Our afternoon plans included walking the iconic Freedom Trail, but before embarking, we let Elena and Roman play in the playground next to the Boston Common frog pond. While we walked, Elena was vigilant in making sure that we followed the red line on the sidewalk. She couldn’t keep her eyes on the ground the whole time, because she also wanted to spot the American flags flying from many of the buildings. For her efforts she was rewarded with a big ice cream when we reached Faneuil Hall. We continued along the trail a little further, ending at Paul Revere’s house, where Elena and Roman chased pigeons in a park across the street while Jenny toured the house. We capped the day off at Regina Pizzeria, where the pizza was totally worth the wait.
I don’t think Matt slept very much that night; he was certainly excited when I drove him to the subway early on marathon morning, to begin his long trek to the starting line. We had a more leisurely morning before we started towards the watching location we had chosen, at about the 17 mile mark, right next to the western terminus of the green line on the T. We didn’t arrive until most of the wheelchair athletes had passed, but we still had plenty of time to find a good spot before the runners came through–first the small bunch of elite women, then the elite men, then the fastest of the regular runners, then more and more until there was a veritable flood of athletes making their way en masse on their way to the finish line. Carrie did an especially good job of cheering for all the people who had pinned their names to their uniforms. To me, the most amazing thing was seeing all the runners who looked like they had no business on the course, then realizing that they had already run seventeen miles at a seven minute per mile pace, and would for the most part finish the race in about three hours.
We were tracking Matt, Robert, and Steve–another friend–online as best we could, but there were so many people we weren’t sure that we would see them when they passed. But then they all passed by in the span of just three or four minutes. Matt was looking for us and stopped to give Carrie a hug, the other two were just a little bit surprised to hear us yell for them, as they weren’t advertising their names and didn’t know to expect us. After we saw them, it was off to the races. Everyone else hopped on the subway, hoping to make it close to the finish line so they could see our favorites one more time.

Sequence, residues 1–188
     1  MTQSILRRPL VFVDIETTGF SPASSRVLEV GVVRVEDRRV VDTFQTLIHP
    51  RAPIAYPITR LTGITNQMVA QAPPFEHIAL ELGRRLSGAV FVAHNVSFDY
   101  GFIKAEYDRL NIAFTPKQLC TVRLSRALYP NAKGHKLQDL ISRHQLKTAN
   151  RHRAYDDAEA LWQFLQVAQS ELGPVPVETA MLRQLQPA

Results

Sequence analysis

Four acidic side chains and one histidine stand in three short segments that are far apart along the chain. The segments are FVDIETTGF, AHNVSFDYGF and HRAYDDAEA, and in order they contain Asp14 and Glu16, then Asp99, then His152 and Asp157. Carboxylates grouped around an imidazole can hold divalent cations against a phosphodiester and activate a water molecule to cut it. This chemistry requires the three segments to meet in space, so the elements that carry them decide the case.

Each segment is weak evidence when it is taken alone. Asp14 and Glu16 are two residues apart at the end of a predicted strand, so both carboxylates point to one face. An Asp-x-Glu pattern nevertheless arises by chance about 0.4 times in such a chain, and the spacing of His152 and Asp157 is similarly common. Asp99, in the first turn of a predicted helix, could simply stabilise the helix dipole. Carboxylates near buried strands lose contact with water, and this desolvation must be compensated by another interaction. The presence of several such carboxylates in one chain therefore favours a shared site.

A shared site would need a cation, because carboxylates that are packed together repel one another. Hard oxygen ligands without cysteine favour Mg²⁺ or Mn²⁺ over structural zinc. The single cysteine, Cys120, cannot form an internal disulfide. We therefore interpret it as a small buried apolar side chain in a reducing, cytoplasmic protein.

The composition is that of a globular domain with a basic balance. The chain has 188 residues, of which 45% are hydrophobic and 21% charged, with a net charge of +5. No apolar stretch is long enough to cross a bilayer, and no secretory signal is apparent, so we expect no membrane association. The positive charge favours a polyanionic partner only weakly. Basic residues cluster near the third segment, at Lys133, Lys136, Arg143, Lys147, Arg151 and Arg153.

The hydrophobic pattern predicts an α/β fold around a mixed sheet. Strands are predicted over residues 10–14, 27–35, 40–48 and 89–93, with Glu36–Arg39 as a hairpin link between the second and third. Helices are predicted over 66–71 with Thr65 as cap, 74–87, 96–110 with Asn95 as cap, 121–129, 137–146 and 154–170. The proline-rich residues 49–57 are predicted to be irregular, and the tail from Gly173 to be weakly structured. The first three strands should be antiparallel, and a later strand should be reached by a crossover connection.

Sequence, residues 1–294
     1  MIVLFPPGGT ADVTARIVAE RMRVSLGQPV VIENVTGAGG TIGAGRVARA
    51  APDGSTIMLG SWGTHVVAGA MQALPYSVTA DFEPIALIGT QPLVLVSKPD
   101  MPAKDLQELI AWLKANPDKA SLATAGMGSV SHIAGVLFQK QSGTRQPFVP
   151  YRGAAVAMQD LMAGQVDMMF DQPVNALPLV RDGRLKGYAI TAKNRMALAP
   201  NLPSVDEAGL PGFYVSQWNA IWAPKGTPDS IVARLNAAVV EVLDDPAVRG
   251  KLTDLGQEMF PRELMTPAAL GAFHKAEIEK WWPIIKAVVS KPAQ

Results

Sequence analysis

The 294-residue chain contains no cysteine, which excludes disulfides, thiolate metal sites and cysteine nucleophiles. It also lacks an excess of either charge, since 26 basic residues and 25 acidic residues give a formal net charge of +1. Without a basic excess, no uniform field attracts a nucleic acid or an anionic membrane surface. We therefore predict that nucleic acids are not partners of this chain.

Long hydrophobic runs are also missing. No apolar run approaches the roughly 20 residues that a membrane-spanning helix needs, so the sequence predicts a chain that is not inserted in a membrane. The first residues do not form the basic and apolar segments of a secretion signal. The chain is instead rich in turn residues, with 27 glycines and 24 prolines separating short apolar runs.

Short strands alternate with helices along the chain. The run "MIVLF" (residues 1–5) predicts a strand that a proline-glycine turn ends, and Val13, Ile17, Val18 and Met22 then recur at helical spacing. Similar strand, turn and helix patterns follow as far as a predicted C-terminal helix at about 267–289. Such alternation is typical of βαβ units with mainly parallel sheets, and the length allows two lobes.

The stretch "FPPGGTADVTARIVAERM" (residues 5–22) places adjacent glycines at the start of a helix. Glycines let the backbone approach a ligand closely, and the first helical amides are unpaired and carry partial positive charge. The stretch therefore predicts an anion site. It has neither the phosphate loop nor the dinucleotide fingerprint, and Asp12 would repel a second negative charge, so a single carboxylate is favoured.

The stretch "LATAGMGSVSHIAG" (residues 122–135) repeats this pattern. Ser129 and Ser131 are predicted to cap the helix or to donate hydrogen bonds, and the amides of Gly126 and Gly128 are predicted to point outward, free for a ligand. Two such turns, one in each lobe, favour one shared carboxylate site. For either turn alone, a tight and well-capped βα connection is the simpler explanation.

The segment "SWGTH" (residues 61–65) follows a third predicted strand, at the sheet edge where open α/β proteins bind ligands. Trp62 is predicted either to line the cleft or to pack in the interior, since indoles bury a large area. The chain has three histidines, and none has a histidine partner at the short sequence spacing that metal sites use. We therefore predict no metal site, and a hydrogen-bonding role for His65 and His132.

My plan was to bike along the course, stopping periodically to cheer for Matt. I had not thought this plan all the way through. There were so many fans along the sidewalks and runners in the street that I had to find parallel streets to ride along. Every time I cut back to the course I would pull out my phone to check the split times of the runners going by and compare them to Matt’s most recent split, and I could never quite catch up. No matter how fast I pedaled, my route was always too circuitous and I was always a couple of minutes behind. As the crowds thickened near the finish line, I abandoned my goal of getting ahead of him to cheer and turned towards finding Jenny and company. They weren’t too hard to find, thanks to the magic of Find my Friends, and I was happy to hear that they made it into town and Carrie was able to push her way through the crowds to see Matt and cheer him on in the final mile.
We found our way to the congratulations area around the way from the finish line, where we found Matt and Robert among the giddy and triumphant runners. Matt was clearly on a major runner’s high as he described his race–in the moment it was even more exuberant than his blog post on the topic. We eventually said our goodbyes and boarded the subway, thinking that we would have a straight shot home. Although we were wrong about that, it was a wonderful trip. Congratulations to Matt, Robert, and Steve, and thanks to Gran Ann for all her help!